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Kulyayi is a site that became well 42 on the Canning Stock Route. The painting shows three windbreaks with campfires on the outer arms. The artist explains, "these are mangkaja (bush shelter, made predominantly from branches). People would make a camp here and have a warlu (campfire) at both the edges of the shelter. There would be a big mob of kids here too."
"This is my mother's and grandfather's country, Kulyayi. This is how they slept in the cold weather. They made windbreaks out of spinifex and trees, and fire in the middle. This is in cold season. Kulyayi is my mother's, grandfather's and grandmother's home. My grandmother died a long time ago. I never saw her but my mother told me about her. I went there recently to Kulyayi. Good country. It's a long way from here. This is my mother's mother's, mother's father's and my mother's country. I don't know my other families from there; they all died a long time ago." [Milkujung Jewess James, Ngumpan, 2007]
This painting is an important inclusion in the Canning Stock Route collection, because it depicts a place where the Aboriginal world view came into tangible conflict with that of the colonial agenda. To Canning and his men, Kulyayi was a resource (water) to be exploited for well 42; but for the people who belonged to that Country the water represented considerably more. Of the 200 permanent springs in the jila Country of the northern Great Sandy Desert, only about 30 are inhabited by the powerful ancestral beings known as jila or kalpurtu (rainbow serpents). Two of these springs, Kulyayi (well 42) and Kaningarra (well 48), became Canning Stock Route wells. Before they became snakes, however, these ancestral beings were men who made rain, shaped the features of the land and introduced practices of law into the jila Country. Many of the jila men were also companions who travelled the desert visiting one another, and creating the ceremonies and singing the songs still performed here today. One by one, the jila men ended their journeys at the springs that bear their names; as they entered them, they transformed into kalpurtu (rainbow serpents).
At Kulyayi history and the Jukurrpa collided. During the excavation of well 42 the great rainbow serpent Kulyayi is siad to have been killed, either by Alfred Canning's original party or his reconditioning team. "They were looking for water at Kulyayi. They dug down and found that snake. Kartiya shot it. They killed him, poor thing.... That's why today you don't see big mobs of water there. Before they used to dig it, clean it out, and leave big water for people and animals to drink. We went there recently and I saw that there was hardly any water. Only little bit, enough for birds to drink. Before it was big. Water was full. People came and had a drink and went to [visit] that water Kulyayi. We all come from that country, big mobs of families. Nyamu (Finished). They killed him, poor thing." [Milkujung Jewess James, Ngumpan, 2007]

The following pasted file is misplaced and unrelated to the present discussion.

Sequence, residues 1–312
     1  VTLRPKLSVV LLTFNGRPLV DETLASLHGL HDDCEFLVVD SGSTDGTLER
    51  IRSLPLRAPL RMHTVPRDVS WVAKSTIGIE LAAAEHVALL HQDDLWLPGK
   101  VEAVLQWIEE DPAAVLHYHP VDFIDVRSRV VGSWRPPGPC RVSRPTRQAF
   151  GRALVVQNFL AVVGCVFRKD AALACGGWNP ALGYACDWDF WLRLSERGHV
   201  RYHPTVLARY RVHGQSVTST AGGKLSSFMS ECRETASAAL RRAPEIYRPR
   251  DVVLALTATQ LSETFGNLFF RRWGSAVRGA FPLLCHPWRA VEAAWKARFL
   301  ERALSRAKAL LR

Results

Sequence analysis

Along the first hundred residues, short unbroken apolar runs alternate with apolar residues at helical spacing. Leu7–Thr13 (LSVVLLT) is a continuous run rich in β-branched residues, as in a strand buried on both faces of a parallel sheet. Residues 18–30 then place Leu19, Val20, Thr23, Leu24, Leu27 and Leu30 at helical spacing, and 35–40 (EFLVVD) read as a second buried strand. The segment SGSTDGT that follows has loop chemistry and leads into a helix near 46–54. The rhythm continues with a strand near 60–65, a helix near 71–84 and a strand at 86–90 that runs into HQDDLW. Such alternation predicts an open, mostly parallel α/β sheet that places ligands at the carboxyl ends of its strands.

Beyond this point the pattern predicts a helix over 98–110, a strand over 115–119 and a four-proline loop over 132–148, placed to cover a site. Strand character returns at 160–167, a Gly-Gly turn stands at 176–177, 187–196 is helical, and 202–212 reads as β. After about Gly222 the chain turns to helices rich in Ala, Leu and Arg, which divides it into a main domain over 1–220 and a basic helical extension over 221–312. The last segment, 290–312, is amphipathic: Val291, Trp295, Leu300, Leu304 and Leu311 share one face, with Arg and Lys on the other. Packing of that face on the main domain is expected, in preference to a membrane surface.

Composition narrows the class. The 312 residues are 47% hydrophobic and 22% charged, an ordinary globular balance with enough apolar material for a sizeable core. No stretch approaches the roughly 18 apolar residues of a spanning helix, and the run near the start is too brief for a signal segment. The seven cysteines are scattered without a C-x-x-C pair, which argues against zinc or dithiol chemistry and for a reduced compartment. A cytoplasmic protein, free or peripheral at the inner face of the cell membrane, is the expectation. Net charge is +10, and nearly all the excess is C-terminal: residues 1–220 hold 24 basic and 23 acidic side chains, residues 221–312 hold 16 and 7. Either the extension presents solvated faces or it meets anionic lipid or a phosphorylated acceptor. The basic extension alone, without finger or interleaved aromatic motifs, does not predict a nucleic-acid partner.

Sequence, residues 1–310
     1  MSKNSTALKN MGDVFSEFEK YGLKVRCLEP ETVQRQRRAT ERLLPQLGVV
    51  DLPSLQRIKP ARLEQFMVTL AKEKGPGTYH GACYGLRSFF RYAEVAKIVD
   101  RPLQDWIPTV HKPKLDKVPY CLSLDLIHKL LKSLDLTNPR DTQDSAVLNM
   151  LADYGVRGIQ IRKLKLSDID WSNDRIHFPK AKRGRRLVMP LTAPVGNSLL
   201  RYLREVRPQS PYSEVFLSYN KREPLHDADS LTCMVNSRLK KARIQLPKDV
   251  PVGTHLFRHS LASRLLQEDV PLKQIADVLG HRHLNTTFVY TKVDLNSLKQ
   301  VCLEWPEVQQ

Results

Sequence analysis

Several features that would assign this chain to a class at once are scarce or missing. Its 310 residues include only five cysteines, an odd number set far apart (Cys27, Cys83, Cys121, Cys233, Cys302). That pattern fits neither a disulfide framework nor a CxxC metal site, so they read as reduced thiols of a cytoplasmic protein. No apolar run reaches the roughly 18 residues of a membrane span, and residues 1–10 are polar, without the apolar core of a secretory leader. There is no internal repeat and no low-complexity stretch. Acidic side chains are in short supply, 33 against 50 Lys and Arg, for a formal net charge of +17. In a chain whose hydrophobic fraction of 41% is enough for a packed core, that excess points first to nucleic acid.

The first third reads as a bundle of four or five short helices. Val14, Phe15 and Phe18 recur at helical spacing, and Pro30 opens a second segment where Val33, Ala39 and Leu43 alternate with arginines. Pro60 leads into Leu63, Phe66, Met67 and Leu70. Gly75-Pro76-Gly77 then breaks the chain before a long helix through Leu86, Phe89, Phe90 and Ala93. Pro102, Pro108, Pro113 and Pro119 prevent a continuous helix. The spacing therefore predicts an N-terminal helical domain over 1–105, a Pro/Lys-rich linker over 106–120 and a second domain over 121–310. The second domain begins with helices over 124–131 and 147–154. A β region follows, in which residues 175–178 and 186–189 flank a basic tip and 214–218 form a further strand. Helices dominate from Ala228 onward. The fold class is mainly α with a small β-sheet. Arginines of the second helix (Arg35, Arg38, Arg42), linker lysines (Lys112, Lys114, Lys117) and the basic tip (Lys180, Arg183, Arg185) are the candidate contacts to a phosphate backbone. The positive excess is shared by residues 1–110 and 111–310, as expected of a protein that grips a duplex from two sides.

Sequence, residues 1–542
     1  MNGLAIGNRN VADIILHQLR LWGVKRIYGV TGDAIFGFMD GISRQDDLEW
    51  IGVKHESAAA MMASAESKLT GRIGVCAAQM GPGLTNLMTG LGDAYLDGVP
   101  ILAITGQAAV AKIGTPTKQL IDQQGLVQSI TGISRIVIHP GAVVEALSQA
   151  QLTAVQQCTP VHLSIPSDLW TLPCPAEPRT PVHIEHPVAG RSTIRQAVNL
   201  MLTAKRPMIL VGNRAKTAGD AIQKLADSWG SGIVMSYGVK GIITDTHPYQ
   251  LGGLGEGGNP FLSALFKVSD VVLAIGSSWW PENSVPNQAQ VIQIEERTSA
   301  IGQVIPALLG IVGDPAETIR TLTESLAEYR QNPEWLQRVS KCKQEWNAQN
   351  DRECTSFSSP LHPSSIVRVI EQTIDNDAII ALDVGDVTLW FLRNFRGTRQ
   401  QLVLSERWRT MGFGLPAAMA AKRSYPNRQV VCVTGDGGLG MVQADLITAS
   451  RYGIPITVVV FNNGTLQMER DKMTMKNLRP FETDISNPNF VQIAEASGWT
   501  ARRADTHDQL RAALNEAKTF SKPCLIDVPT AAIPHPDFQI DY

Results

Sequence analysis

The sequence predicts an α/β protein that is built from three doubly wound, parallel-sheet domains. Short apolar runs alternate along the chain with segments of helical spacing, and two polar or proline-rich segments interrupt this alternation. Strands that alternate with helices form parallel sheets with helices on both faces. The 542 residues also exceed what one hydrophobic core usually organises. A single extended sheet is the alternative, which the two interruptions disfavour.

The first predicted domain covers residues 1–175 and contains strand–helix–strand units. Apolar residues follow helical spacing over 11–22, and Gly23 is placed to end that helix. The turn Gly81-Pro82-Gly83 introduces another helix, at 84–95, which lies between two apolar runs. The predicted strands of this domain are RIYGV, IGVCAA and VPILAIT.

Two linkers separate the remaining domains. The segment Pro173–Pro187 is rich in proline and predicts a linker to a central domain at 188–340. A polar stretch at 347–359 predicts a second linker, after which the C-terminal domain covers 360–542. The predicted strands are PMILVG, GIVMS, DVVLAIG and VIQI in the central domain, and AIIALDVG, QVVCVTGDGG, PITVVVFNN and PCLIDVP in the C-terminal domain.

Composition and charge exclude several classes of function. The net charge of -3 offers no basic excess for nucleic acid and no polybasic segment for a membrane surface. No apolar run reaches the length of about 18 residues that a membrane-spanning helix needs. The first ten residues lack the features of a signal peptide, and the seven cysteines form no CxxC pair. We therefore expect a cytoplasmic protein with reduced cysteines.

Some accounts say Kulyayi was killed by explosives, while others suggest he rose up in anger and was shot dead. Recent accounts also stress the intimate and ecological impact of the cultural clash.
"It's like an icon, like Sydney Harbour Bridge. If someone came and bombed that, blew it away, people would be devastated, empty. That place would be changed. Well, people felt empty when he [Kulyayi] was gone. They felt something not there anymore, they can't come back. They moved away. Animals moved away. People, animals, they're connected. Something valuable was lost, you can't replace it." [Lloyd Kwilla, Wangkatjungka, 2009 ]
The white men who built or rebuilt the Canning Stock Route wells had no knowledge of beings such as Kulyayi, or of the complex desert world they inhabited. Kulyayi's death reveals the profound impact the Canning Stock Route wells had on the life of the jila Country.
A dot painting made with acrylic paint on canvas. The painting has a dark blue background with three central oval shapes in green. Around each of these green oval shapes is an outline of white dots. Around that outline is a red semi circle with sun shapes at either end. Dots fill the rest of the painting. One side has white dots and the other side has a section of green dots and a smaller section of red dots in the corner. The different coloured dots meet in the centre creating a wavy line.The back and bare canvas edges of the picture are mould affected.
The Jewess James collection consists of one acrylic painting titled 'Kulyayi' painted by Milkujung Jewess James in 2007. The painting shows mangkaja, wet weather shelters, with three windbreaks and campfires depicted at the edges of each shelter.
Kulyayi or Well 42, is located along the Canning Stock Route in North Western Australia. As this painting is within the artists' country, it provides a perspective on the Canning Stock Route and its impact on Indigenous peoples and their country.
L 1180mm x W 1035mm x D 2mm